Handling Felony and Misdemeanor Drug Charges: What Can We Learn from this Dolphins Player's Arrest?
Posted on December 22, 2016 8:00 AM EST
If you had Leon Orr on your fantasy roster, you're probably looking for a replacement. In case you didn't read about it, the former Dolphins player was arrested for two drug charges: possession of marijuana and possession of a controlled substance, in Collier County. One of these is a misdemeanor charge, and the other is a felony charge. Why did Orr get two charges, what happened, and how can someone in this situation come out on top? The Experienced Miami drug crime lawyers
at Donet, McMillan & Trontz will lay out the strategy for you below – and like some of the running plays the Dolphins have called for this season, it takes experience to execute properly.
Your fantasy football rules may or may not make it easy to replace a defensive tackle. While the Dolphins are seated #2 in the AFC East right now with a surprising 9-5 win-loss record, replacing Orr isn't too much of a problem for them. Nevertheless, how can someone in his position turn a tough situation like this one into a win? Well, first let's dive into the arrest and learn exactly what someone in his situation may face in court.
What Caused the Arrest?
Orr was driving a black BMW during the afternoon on I-75 near Collier Boulevard. He was then pulled over for having what appeared to be illegal tints. The deputies who pulled him over said they smelled marijuana. This gave them probably cause to arrest Orr. Once they searched the vehicle, they discovered a small amount of marijuana, and some quantity of an unnamed controlled substance.
Police officers are allowed to stop vehicles for many reasons, and usually these are traffic infractions. Citation offenses like illegally tinted windows, no seat belt, expired tags, and broken or defective tail lights also allow police to pull over your vehicle and ask you for your license, registration, and proof of insurance. At this point, if they smell something or see something in plain view, they can make and arrest and perform a search of your vehicle while you are in custody – and while you are in custody, you can believe they will search it from top to bottom.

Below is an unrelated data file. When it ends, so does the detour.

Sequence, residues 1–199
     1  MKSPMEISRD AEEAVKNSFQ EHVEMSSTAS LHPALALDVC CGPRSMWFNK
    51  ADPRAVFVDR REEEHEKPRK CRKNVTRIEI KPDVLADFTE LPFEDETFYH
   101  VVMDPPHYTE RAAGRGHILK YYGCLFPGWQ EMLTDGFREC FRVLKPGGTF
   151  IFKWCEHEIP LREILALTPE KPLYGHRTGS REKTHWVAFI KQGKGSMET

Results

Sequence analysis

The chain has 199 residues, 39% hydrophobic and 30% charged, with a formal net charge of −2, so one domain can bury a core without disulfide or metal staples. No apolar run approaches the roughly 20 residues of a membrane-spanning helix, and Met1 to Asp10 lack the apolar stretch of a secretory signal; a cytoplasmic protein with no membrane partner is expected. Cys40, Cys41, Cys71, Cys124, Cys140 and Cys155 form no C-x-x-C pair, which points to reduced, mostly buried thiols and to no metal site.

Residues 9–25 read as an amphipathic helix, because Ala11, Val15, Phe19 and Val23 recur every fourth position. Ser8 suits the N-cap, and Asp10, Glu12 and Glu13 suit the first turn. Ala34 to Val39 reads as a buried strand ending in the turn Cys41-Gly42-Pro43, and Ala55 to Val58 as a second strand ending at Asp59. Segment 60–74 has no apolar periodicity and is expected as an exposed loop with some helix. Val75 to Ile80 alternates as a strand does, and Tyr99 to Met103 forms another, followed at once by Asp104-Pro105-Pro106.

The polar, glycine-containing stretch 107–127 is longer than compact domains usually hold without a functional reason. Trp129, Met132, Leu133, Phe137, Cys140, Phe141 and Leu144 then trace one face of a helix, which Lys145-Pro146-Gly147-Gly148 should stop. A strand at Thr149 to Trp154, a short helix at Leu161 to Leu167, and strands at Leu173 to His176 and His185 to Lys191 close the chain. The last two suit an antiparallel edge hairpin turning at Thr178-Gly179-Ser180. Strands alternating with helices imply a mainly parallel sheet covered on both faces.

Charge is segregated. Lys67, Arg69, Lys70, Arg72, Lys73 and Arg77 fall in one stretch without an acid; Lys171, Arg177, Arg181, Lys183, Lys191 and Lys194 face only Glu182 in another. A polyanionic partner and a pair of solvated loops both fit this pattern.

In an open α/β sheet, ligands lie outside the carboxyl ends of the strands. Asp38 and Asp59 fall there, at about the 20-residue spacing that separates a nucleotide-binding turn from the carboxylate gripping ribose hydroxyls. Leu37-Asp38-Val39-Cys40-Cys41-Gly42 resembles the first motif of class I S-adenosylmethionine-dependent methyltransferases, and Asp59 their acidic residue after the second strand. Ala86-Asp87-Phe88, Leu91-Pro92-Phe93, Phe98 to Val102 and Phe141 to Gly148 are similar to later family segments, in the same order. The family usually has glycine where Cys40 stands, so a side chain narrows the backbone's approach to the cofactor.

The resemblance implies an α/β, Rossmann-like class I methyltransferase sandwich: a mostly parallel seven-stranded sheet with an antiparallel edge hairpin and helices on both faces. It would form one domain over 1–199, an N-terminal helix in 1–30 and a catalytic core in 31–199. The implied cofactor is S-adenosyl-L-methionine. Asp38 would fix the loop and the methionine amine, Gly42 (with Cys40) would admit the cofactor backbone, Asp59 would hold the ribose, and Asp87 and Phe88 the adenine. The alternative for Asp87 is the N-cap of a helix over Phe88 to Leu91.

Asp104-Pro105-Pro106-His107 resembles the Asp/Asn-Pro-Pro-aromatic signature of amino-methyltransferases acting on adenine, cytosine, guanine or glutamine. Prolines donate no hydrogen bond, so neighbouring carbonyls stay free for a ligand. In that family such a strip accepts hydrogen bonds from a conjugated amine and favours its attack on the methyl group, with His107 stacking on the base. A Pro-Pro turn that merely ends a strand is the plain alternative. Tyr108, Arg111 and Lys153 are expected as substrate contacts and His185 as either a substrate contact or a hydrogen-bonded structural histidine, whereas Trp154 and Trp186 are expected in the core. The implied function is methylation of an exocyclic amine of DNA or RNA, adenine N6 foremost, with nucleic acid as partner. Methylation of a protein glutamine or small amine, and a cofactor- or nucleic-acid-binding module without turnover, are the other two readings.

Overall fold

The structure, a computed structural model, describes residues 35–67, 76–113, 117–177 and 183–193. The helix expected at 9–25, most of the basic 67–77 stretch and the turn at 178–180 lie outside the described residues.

What Were the Charges?
If you are found with less than 20 grams of marijuana, you will most likely face a simple possession charge, which is a misdemeanor. If you have no record, and you have an experienced attorney, you may only face a pre-trial diversion program as punishment. However, if you are also found with a controlled substance, such as heavy drugs or prescription medication that is not yours, you could be facing a felony charge and may face prison time. Orr is facing a misdemeanor – simple possession for the marijuana – and a felony charge for the controlled substance.
If the drugs are packaged a certain way, or found with a large sum of money, you could even be facing trafficking charges, which would most certainly result in time in prison. We have extensive experience in cases like this, and our strategy can help a client get trafficking charges reduced or dismissed, but it must be implemented quickly to be successful.
What Strategy Is Best When Facing Drug-Related Charges?
We have handled hundreds of cases like this one. Our team of criminal defense attorneys has a plan of action for clients who are arrested on drug charges.
A Note about Driving and Arrests
- Contact the prosecutor immediately after the arrest:
Police officers tend to overcharge defendants upon arrest. We have successfully convinced prosecutors that cases were overcharged – but it's very important that this is done before they've filed the charges. For example, we've had many clients who were charged with possession with intent to sell because of how the narcotics were packaged and the amount of money found in the vehicle. However, Donet, McMillan & Trontz has performed extensive research and has proven to prosecutors repeatedly that those two facts are not enough to charge a more serious offense, thus getting charges reduced and eliminating jail time or obtaining dismissals.
- Prevent charges from being filed:Reducing charges is one thing, but preventing them from being filed is even better. If we can show the prosecutor that the stop and search was illegal, then the prosecutor will have no choice but to drop the charges. While the prosecutor is usually inclined to believe the officer over the defendant, Donet, McMillan & Trontz has successfully done so on several occasions, getting the case dismissed quickly and effectively.
Transporting anything illegal in your vehicle is very dangerous. Anyone can be pulled over by a police officer at any time, and once you are, you may be in a very tough situation. If you find yourself pulled over with illegal substances in your car, there are four simple rules to follow:
- Never consent to a search of your vehicle
- Never make any admissions to the police
- Invoke your rights immediately
- Once you post bail, hire a lawyer who has experience handling these cases and knows and understands the system.
Always be polite, but do not cooperate with the police. If you or someone you know is facing possession, possession with intent, or trafficking charges, contact Donet, McMillan & Trontz at (305) 396-3982 for experienced representation.